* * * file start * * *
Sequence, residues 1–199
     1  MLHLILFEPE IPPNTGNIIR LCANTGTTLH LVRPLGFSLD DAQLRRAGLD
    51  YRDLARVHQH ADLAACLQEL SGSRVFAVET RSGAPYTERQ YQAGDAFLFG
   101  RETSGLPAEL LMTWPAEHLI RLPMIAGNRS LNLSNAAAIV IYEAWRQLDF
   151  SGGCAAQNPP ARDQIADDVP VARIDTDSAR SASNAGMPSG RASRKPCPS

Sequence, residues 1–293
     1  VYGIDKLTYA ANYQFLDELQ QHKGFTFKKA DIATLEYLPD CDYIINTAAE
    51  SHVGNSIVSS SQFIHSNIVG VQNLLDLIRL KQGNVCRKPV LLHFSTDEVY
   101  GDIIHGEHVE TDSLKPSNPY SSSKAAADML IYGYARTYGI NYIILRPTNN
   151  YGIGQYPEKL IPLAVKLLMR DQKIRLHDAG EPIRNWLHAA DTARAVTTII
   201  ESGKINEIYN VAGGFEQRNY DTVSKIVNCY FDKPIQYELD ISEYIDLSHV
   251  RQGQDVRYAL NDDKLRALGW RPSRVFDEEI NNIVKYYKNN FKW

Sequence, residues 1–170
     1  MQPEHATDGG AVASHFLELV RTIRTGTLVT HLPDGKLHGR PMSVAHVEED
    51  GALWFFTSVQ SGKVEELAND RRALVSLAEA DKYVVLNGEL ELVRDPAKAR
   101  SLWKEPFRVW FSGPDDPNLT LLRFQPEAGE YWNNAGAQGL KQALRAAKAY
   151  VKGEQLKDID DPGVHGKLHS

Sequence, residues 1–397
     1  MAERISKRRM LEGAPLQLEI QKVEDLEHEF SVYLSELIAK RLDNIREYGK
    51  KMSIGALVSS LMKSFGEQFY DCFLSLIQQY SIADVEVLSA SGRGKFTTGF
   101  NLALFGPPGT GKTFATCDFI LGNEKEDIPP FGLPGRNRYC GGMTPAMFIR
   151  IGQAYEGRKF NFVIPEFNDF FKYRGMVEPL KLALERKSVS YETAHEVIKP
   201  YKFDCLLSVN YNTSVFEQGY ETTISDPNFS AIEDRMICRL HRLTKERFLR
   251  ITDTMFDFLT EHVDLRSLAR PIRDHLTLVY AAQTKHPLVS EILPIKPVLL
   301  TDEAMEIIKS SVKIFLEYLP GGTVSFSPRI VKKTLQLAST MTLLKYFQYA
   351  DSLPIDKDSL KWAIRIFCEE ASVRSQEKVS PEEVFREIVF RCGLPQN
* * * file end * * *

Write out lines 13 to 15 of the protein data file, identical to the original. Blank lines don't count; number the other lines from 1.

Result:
Sequence, residues 1–170
     1  MQPEHATDGG AVASHFLELV RTIRTGTLVT HLPDGKLHGR PMSVAHVEED
    51  GALWFFTSVQ SGKVEELAND RRALVSLAEA DKYVVLNGEL ELVRDPAKAR